Sunday Status Update: September 18, 2016

This week, Legolas begins to wonder where his wartime career is going.

fantasy book reviews science fiction book reviews Legolas: Journal Entry 3450333: At the court of Rohan. Iluvatar’s beard, what a dump. Whole place smells like horse, and it kind of soaks into whatever you’re wearing, so now smell like horse. The king was apparently under some kind of enchantment that Mithrandir had to fix for him. I don’t know, I wasn’t really paying attention. Aragorn was still in a big snit over having to give up his sword at the door, and so I had to keep nodding and uh-huh-ing him while he muttered on under his breath. Losing track of why I’m even on this quest at this point. I thought I was guiding a halfling to a volcano, but then I became an orc hunter, which was all right, and now I’m sort of the assistant to the King of Rohan’s court wizard? What am I even doing? What would father say?

Jana: This week I got some reviews written (hooray!), I read Bradley P. Beaulieu‘s latest entry in THE SONG OF THE SHATTERED SANDS, Of Sand and Malice Made, and I read Erin Bow‘s The Swan Riders, the sequel to The Scorpion Rules. (Review in progress.) I caught up on some graphic novels I’ve been meaning to read for a while, I flipped through some new coloring books (including an Edgar Allen Poe-themed one!), and I re-watched some of my favorite MST3Kepisodes. I also stained my deck, planed/sanded/painted half a dozen doors and replaced their hardware, and dug up an old flowerbed, because I am not good at not being busy. As usual, I have no idea what I’ll read next; the most likely candidates are Sarah Beth Durst‘s Queen of Blood or Rae Carson’s Walk on Earth a Stranger. We’ll see!

Jason: I’m wrapping up a pair of recent releases and looking forward to getting the reviews on FanLit. The first comes from author E.M. Markoff who launches her ELLDERET fantasy series with her debut novel: The Deadbringer. While a bit uneven, she creates a vibrant fantasy world centered on a young man who can bring life to the dead. With borrowed bits from Martin and Tolkien, The Deadbringer represents the strong creative vision that’s alive and well in the world of independent publishing.  The second is a piece of apocalyptic sci fi called The Hell Divers, the first in a new trilogy from Nicholas Sansbury Smith. In a future where human existence on the surface of Earth is no longer possible, what remains of humanity survives on two enormous airships circling the globe. Hell Divers parachute through horrendous storms that persistently swirl through the atmosphere to the irradiated earth in search of remaining scraps of technology. I’m only about a 1/4 of the way through Hell Divers, but it’s high on action, drama and a nice early glimpse of some radiation-fueled earth-dwellers. Both are generating some nice buzz within their respective genres.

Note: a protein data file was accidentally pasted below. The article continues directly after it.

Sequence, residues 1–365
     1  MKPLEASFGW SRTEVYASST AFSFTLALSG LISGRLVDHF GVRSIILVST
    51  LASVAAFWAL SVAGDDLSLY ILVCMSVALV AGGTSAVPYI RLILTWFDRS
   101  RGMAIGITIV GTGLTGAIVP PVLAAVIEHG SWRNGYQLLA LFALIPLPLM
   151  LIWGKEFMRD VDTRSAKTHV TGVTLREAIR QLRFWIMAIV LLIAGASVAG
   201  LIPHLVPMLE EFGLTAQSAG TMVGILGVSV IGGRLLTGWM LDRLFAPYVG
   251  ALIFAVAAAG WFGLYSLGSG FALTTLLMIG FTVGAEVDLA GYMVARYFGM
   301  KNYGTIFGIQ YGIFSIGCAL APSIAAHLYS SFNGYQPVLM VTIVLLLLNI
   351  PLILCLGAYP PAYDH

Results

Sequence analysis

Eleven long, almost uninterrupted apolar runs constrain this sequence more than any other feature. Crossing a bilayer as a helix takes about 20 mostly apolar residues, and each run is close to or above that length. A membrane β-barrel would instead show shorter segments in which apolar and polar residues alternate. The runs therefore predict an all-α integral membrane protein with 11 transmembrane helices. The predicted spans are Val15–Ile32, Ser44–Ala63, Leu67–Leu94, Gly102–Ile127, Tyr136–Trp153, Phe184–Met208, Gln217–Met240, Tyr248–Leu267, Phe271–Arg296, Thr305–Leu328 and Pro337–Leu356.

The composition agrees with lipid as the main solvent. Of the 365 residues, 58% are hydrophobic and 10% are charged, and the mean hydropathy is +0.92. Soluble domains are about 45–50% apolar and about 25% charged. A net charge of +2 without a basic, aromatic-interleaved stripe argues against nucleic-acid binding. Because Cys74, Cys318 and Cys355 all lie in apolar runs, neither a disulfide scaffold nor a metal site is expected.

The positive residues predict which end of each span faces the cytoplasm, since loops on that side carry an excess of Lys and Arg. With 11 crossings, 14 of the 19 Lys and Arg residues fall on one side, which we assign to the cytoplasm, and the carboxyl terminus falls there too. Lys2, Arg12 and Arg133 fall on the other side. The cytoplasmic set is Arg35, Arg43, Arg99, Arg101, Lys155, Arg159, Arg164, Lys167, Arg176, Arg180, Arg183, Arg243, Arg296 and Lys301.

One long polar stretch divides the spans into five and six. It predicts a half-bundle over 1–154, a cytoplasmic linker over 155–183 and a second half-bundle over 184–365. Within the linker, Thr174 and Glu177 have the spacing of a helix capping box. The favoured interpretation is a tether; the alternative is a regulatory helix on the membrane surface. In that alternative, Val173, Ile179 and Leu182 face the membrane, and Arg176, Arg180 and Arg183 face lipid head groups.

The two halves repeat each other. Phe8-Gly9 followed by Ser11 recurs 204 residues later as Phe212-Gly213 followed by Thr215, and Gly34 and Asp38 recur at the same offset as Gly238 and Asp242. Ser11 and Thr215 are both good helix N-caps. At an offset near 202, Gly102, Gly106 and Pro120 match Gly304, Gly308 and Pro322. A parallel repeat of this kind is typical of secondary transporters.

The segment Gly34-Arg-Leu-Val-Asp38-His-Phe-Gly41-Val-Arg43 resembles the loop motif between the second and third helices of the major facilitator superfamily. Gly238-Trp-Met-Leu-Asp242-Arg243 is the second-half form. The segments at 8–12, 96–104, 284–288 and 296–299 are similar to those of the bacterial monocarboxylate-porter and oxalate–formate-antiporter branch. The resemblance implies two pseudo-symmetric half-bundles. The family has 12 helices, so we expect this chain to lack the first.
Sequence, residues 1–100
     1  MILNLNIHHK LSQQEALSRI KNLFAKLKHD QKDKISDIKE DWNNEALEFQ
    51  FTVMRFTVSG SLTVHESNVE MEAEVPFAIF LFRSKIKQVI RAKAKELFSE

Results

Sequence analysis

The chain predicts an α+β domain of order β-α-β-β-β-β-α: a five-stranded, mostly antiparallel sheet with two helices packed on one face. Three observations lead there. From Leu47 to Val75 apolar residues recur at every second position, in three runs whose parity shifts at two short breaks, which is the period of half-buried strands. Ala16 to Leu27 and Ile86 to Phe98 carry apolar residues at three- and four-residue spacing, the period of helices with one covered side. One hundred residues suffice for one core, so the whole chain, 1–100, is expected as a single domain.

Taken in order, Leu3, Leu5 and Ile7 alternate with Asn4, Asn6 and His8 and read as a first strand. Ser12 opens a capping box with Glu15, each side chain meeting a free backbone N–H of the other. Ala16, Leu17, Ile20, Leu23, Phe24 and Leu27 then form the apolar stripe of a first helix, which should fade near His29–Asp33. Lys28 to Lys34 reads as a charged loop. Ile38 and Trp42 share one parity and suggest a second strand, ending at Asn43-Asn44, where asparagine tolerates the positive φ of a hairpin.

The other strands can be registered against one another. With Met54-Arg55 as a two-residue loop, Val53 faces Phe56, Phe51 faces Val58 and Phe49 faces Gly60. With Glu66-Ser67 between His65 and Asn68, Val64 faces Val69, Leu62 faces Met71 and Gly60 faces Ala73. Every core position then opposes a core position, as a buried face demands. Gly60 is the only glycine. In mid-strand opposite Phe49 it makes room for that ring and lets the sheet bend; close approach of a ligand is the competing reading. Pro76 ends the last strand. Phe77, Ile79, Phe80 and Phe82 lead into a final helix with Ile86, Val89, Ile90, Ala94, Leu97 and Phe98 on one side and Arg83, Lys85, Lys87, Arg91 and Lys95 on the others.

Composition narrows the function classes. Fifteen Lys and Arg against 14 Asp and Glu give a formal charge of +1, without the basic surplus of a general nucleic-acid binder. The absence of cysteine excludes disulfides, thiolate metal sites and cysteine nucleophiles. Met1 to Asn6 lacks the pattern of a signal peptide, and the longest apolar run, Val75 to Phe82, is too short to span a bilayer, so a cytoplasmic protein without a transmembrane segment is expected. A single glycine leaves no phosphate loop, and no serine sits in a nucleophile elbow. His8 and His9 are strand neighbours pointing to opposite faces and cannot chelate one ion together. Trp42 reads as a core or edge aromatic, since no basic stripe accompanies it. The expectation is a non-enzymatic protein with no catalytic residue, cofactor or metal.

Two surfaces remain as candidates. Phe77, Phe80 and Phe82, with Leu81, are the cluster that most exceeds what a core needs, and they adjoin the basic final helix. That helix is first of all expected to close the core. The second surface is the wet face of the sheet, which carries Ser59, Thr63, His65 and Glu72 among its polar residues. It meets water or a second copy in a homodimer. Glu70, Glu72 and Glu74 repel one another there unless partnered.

Marion: I read some short fiction this week. I read the current issue of Clarkesworld, and the Sep/Oct issue of F&SF. F&SF had a novella by Geoff Ryman called “Those Shadows Laugh.” Ryman is great at creating worlds that are one step away from our own and this story takes a look at the world of Herland, by Charlotte Perkins Gilman, and gives it a contemporary spin. I also found “Talking to Dead People,” to be a plausible application of current technology, and a powerful story about how a friendship collapses. The issue is the “David Gerrold” issue, with some essays by and about Gerrold, and two long novellas.

Stuart: I’m halfway through the audio ARC of Cixin Liu‘s Death’s End (2016), and Macmillan has also agreed to let me interview the translator, author Ken Liu. I also finished The Best of Gene Wolfe and Marc Aramini’s Between Light and Shadow: An Exploration of the Fiction of Gene Wolfe, 1951 to 1986. gaining a greater appreciation for Wolfe’s intricacies, so I’m inspired to tackle his supernatural fantasy Peace (1976), which along with The Fifth Head of Cerberus (1972) and The Book of the New Sun (1980-1983) is considered one of his masterpieces. When that’s done I’m eager to move on to Lucius Shepard‘s The Jaguar Hunter (1987), as I’ve had his short stories on my radar for over two decades.

Tadiana: Since I last checked in two or three weeks ago, in the SFF genre I’ve read Guns of the Dawn by Adrian Tchaikovsky, one of my favorite fantasies I’ve read this year, as well as The Book of Speculation by Erika Swyler. I’ve been busy in the non-SFF arena as well, reading such diverse books as Man’s Search for Meaning by Viktor Frankl, Miss Buncle’s Book by D.E. Stevenson, Heart of Darkness by Joseph Conrad and Friday’s Child by Georgette Heyer. (I’ve been working on a Classics Bingo challenge for 2016, which has informed some of my reading choices.) I’m currently reading Ficciones by Jorge Luis Borges (another choice motivated by the Classics Bingo game), which I suppose qualifies as a collection of fantasy tales though I think it’s the strangest fantasy I’ve ever read, as well as Spellbreaker by Blake Charlton, which I’m having a rather tough time getting into. I think if I’d read the previous two books in this series it would be easier to get absorbed in this world.

Terry: I didn’t have time to get much reading done this week — or last week, for that matter — but I have started The Dream-Quest of Vellit Boe by Kij Johnson, which is Weird and wonderful. And the page-turner that’s had me up too late at night is Magic Binds by Ilona Andrews.

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TIM SCHEIDLER, who's been with us since June 2011, holds a Master's Degree in Popular Literature from Trinity College Dublin. Tim enjoys many authors, but particularly loves J.R.R. Tolkien, Robin Hobb, George R.R. Martin, Neil Gaiman, and Susanna Clarke. When he’s not reading, Tim enjoys traveling, playing music, writing in any shape or form, and pretending he's an athlete.

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